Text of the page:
Finally, comfort is another key aspect of the cloud. User-friendly interface, attractive look and feel, and a personalised service are the basic ingredients for a successful online application. Oftentimes, the functionality of the services is just as important as the convenience it presents to the users. Integrated services, such as those offered by Google (providing an interconnected suite of web applications, including mailbox, calendars, file storage, photo catalogues, or online documents) and Apple (allowing to link a variety of devices - such as the iPod, the iPhone, the iPad or the iMac - and automatically synchronising them by connecting them to Apple’s iCloud) are much more attractive to users than standalone applications, which - despite having more sophisticated features - are ultimately harder to use (Lenk & al, 2009).

The potential of cloud computing and the benefits it offers to many end-users are undoubtedly important. Yet, one should not forget to account for important ethical concerns that must necessarily be considered when assessing the pros and cons of cloud computing. While the large set of privacy concerns resulting from exporting a growing amount of data into the cloud have already been thoroughly analysed by many legal scholars (Pearson, 2009; Robison, 2009; Zhou & al, 2010; Svantesson & Clarke, 2010; Pearson & Benameur, 2010; Jansen, 2011; Gellman, 2012), other dangers have yet to be further explored by internet scholars. Indeed, by relying extensively (or almost exclusively) on cloud-based services, not only are users increasingly losing control or sovereignty over their own content and personal data (De Filippi & McCarthy, 2012), they are, in many ways, also giving up their freedoms and autonomy as individuals (Moglen, 2010; Lametti, 2012).

When comfort dictates the road ahead

In the context of cloud computing, more comfort often equals less choice. By relinquishing their software applications, processing power and storage capacity, users become increasingly dependent upon the hardware resources and applications provided by online service providers. A shift away from the so called end-to-end principle seems to be taking place. Considered by many as one of the fundamental design principles of the internet network, the end-to-end principle is also an important precondition for user autonomy. Indeed, the principle stipulates that the intelligence of the internet should subsist not in the network itself but rather at its end-points (i.e. at the level of users’ devices). This means that the network should remain a mere (and neutral) means of communication, and that end-nodes are powerful enough to be running servers and providing online services for user interaction and online communication. This is in contrast with the trend that emerged with the advent of cloud computing, as more and more cloud-based services are designed to work with centralised clusters or data centres where all computing resources are aggregated and subsequently made available to the public through online applications (Miller, 2008). This encouraged the emergence of "stupid terminals" that merely connect to a series of cloud-based services operated by large online providers on centralised mainframes.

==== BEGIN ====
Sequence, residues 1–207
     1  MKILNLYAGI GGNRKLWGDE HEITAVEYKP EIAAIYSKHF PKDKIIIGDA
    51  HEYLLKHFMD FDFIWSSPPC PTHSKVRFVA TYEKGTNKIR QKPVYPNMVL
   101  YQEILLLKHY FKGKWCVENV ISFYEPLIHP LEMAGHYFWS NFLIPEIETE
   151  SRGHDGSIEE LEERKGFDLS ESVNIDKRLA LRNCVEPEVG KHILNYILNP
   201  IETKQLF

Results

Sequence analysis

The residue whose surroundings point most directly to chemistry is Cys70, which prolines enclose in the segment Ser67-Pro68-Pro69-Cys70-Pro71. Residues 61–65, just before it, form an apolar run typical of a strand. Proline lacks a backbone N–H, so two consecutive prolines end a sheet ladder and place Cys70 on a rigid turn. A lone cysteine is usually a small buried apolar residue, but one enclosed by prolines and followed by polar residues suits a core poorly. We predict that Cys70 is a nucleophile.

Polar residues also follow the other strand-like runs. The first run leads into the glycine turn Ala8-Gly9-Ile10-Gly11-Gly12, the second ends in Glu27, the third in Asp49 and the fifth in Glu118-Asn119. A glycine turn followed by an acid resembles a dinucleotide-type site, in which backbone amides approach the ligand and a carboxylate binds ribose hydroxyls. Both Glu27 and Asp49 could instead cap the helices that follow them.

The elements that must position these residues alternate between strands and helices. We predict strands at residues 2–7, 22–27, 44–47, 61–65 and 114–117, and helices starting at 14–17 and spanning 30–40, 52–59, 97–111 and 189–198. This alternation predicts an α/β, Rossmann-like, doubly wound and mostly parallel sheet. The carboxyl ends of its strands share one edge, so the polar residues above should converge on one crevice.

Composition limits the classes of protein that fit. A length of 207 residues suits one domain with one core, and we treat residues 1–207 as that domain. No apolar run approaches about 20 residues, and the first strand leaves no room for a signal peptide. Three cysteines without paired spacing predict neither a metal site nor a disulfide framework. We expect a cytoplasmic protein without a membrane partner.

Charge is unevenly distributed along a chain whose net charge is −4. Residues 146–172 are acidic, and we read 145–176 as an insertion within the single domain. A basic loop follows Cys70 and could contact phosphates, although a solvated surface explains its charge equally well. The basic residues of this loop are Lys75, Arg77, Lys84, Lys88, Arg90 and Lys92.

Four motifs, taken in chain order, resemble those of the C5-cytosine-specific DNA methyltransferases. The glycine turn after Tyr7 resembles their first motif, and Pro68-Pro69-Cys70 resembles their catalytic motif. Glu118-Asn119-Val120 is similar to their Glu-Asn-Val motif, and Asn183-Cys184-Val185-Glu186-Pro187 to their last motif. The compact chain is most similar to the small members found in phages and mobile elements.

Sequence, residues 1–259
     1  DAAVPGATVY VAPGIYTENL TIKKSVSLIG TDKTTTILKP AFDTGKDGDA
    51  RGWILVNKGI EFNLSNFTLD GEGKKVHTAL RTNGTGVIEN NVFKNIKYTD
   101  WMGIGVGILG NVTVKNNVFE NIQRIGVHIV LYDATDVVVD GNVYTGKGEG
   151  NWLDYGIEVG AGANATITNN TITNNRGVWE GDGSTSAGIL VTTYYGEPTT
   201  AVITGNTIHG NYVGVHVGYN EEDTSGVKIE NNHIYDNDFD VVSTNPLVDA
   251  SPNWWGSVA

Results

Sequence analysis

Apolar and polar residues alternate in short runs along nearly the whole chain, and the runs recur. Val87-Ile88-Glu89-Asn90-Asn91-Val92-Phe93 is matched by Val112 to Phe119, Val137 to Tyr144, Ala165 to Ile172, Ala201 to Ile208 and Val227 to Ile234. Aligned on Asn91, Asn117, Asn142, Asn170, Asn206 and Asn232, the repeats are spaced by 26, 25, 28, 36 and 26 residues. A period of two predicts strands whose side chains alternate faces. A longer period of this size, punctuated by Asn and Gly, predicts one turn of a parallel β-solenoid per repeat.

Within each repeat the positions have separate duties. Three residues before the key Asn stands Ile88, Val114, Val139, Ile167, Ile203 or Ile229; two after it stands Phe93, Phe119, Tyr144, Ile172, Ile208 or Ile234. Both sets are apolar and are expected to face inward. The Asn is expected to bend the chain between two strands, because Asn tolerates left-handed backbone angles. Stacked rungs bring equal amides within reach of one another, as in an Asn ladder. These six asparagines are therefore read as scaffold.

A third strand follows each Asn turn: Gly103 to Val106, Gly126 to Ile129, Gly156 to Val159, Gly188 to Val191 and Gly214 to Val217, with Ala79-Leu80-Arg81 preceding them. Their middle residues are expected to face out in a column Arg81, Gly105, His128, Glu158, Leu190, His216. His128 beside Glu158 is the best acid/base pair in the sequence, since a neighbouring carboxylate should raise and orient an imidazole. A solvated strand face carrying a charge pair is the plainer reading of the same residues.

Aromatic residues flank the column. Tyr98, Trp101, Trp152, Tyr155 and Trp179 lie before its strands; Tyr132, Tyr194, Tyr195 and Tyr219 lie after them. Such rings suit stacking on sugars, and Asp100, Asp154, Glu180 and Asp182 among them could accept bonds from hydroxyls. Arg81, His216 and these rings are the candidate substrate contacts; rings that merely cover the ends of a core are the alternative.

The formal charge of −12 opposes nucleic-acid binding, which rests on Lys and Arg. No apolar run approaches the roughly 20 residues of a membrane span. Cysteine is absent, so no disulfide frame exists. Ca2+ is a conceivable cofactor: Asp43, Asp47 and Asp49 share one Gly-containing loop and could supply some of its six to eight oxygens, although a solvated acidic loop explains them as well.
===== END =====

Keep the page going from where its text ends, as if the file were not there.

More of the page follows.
In spite of the apparent advantages for end-users, cloud-based services present a series of drawbacks, for the most part related to the issue of property and control. Indeed, as the possession of user data or content progressively shifts from end-users to online operators, and as an increasing number of software applications becomes accessible only through the user interface specifically provided by the cloud, cloud operators are ever more likely to regulate and control the manner in which and the extent to which these applications can effectively be used (De Filippi & Vieira, 2013).